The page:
I shall post videos, graphs, news stories, and other material there. We shall use some of this material in class, and you may review the rest at your convenience. You will all receive invitations to post to the blog. (Please let me know if you do not get such an invitation.) I encourage you to use the blog in these ways:
To post questions or comments about the readings before we discuss them in class;
To follow up on class discussions with additional comments or questions.
To post relevant news items or videos.

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Monday, April 15, 2013

Today's reading about lobbying (especially about direct lobbying) reminded me of the recent Politico article about how parents of Newton victims have been meeting with Senators and Representatives. They combine their own outside-of-the beltway advocacy as citizens with advocacy from experienced lobbyists. This seems like one of the most beneficial and fair ways to use lobbying.

Here's some excerpts of the article:

When a lobbyist for families of Newtown shooting victims called the office of Sen. Susan Collins (R-Maine) to set up a meeting, the first response was a standard D.C. offer. They could get a meeting with her staff, and Collins would stop by, they were told.
The families’ answer: not good enough. According to their lobbyists, the families have a rule against staff-only meetings: They won’t do them. They insist on sitting down with the senators themselves. The families wound up getting more than 15 minutes with Collins...They don’t try to sound like wonks or pundits or operatives. They just tell their heart-breaking stories, weaving in a demand for action that is respectful but forceful. As a result, senators respond to them as bereaved parents, not advocates.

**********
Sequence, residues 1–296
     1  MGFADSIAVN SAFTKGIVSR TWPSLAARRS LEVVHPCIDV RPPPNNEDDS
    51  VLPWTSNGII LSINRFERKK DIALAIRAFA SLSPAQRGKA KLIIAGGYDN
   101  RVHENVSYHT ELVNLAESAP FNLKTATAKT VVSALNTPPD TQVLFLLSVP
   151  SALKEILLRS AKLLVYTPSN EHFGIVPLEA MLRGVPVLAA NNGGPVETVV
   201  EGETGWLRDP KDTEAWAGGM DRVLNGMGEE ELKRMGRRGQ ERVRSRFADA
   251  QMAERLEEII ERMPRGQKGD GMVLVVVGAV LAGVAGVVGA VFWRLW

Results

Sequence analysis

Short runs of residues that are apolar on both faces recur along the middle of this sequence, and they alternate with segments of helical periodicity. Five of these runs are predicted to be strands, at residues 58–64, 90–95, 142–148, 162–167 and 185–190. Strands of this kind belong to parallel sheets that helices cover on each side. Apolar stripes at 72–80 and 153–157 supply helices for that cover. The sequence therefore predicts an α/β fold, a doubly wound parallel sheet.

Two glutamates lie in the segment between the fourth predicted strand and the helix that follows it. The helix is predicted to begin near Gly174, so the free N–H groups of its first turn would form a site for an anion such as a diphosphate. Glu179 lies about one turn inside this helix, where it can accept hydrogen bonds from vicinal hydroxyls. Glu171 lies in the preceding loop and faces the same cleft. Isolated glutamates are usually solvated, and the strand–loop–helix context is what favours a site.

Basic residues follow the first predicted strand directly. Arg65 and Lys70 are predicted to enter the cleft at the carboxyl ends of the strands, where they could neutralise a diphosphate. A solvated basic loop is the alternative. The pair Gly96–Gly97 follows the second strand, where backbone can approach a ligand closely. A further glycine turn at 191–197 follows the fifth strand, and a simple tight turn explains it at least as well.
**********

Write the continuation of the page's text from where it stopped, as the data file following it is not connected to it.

A group of experienced operators is guiding these families — to a degree that has irritated some pro-gun Republicans. An uber-strategist for the families is Ricki Seidman, a familiar face at the top levels of Democratic politics ever since she ran the Clinton-Gore campaign’s famous 1992 war room...Bennett’s Third Way connected the families with a lobbying firm, Mehlman Vogel Castagnetti, that set up more than 25 Hill meetings this week alone....The lobbying for about 15 families is being coordinated by Sandy Hook Promise, a nonprofit started in Newtown by community members...The families’ growing Washington finesse showed when Pelley asked Nelba Márquez-Greene — whose 6-year-old daughter, Ana, was lost in the shooting — whether she wanted to ban assault weapons. “At first, that was where my heart was,” she said. “I have since learned that it’s a more complex issue. … We’re looking for real change and common-sense solutions, not things that just sound good.”

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